There are many myths and urban legends about the non-alcoholics who helped start AA in the metro-Detroit area. We hope this clears up many legends.

Benson’s Home

The Bensons, Elmer (Ben) and Elizabeth (Beth) were the couple who planted the seed of recovery and nurtured it to bloom in Archie Trowbridge.
The Bensons were an unassuming couple who were “upper-middle” class, which was a pretty good level coming out of the Depression. Ben was in upper-level management the J.L. Hudson Department Store. Beth was an associate director with the social service department of the Detroit Council of Churches. They lived at 860 Taylor Street, Detroit, which was just north of the Boston-Edison District.

The Bensons were members of the Oxford Group in Detroit. They were the type to do the hands-on service work with the down-and-outers, the nitty-gritty type of service work. Oxford Group meetings were being held first at a church at the corner of Woodward Avenue and Boston Blvd. Eventually they were moved to the newly built Northern Branch of the YWCA in Highland Park.

Dr. Bob & Ann Smith

In early 1937, through the Oxford Group, Ben had learned of a new program of recovery for an alcoholic that was starting at the home of a member of the Oxford Group down in Akron, Ohio. Ben and his wife were so interested and such hands-on type of people that they went down to Akron. They stayed with this guy, by the name of Dr. Bob Smith for a couple of weeks to learn about this new “procedure.”

Young Archie Trowbridge

In the late summer of 1938, the Bensons were introduced, by a mutual friend, “Ralph,” to a young man by the name of Archibald Trowbridge, who was considered to be a chronic alcoholic. Arch had been a sheltered young man. He was emerged in fear when suddenly both parents had died with-in a year of each other and left him alone. He turned to alcohol for the support.

Archie met with the Bensons. Beth came right out and told Archie, that he alone would have to make that decision to get help to stop drinking. Then and only then would the Bensons help him get the help with the disease he had acquired.

After contacting the Doctor in Akron, Ohio, the Bensons drove Archie down to Akron and introduced him to the good Doctor and his wife Anne. Archie was to stay with this couple for about 10 ½ months to learn about this new program to help alcoholics like him to give up the drink.

Upon his return to Detroit, the Bensons, along with Sarah Klein, began to help Archie establish a group of alcoholics to help each other, at Archie’s Kirby Street attic room.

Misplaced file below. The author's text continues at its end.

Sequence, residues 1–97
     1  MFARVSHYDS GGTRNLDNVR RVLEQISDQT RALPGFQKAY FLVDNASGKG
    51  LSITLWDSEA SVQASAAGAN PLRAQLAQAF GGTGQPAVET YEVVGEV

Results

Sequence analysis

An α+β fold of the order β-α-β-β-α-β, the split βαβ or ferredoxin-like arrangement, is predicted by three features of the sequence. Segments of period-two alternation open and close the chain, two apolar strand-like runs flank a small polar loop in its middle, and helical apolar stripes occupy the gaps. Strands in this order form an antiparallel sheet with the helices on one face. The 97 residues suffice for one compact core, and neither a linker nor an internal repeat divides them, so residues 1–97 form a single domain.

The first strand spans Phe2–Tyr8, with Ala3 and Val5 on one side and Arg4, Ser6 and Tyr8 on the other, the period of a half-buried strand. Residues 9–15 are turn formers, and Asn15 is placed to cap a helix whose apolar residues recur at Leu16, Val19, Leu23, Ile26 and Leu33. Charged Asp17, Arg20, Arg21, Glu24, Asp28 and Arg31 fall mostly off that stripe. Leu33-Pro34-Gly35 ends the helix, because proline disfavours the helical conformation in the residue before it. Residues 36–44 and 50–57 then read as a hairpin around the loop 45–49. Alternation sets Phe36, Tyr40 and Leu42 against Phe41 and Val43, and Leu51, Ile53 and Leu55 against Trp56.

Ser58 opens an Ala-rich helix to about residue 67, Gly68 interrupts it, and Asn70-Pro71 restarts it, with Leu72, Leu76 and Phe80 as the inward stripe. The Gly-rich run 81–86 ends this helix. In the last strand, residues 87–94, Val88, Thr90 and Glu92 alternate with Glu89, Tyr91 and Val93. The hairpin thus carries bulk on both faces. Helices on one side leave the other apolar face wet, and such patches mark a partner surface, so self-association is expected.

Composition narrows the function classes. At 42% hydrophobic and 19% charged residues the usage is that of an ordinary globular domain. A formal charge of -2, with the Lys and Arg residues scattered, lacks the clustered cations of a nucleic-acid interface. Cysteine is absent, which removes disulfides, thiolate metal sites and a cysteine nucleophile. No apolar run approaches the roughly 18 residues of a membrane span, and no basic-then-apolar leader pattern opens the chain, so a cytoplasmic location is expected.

Detroit Trolley Car

The group eventually grew to six people. With borrowed chairs from other rooms, five people sitting in his room and one in the hallway.

The Bensons offered the basement of their home at 860 Taylor Street to hold their meetings. The meeting was fondly called the “Bensons’ Basement Meeting.” This was started in November, 1939 with about eight people in a corner of the basement and quickly grew to about 25-30 people, that filled the basement. It had to be truly astounding to see 25-30 guys, former alcoholics, get off a street car at Woodward Ave and Taylor Street and walk two blocks to Bensons’ house every week. About 2-3 months later the meeting was moved to a place called Doty Hall.

1939 Doty Hall 

Their meetings were only held for a short period of time at Doty Hall. It appeared that this location was too far from where the winos, drunks and low bottoms were hanging out, namely skid-row.

Before the meeting was discontinued at the Bensons’ basement, Dr. Bob Smith, a co-founder of Alcoholics Anonymous and Archie’s sponsor, was invited to come up and look things over. Dr. Bob gave his first open-talk, as a celebration of the growth of A.A. in Detroit.

Elmer Benson’s Obit

In late 1942 the Bensons moved to California, where Ben acquired a job managing a war-time factory for the War Department, leaving a wonderful legacy of recovery back in Detroit. In a 1951, Detroit News obituary it states, “Elmer Benson was very instrumental in starting A.A. in Detroit, but was NOT an alcoholic.”


  • References: Area 33 Archives; AA comes Of Age; Pass It On; Dr. Bob & The Good Old Timers; Detroit Free Press; Burton Historical Collection.
  • © 2013 by Bill T, Archivist, General Service of Southeastern Michigan, Area 33
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  • Updated; 2020-10-04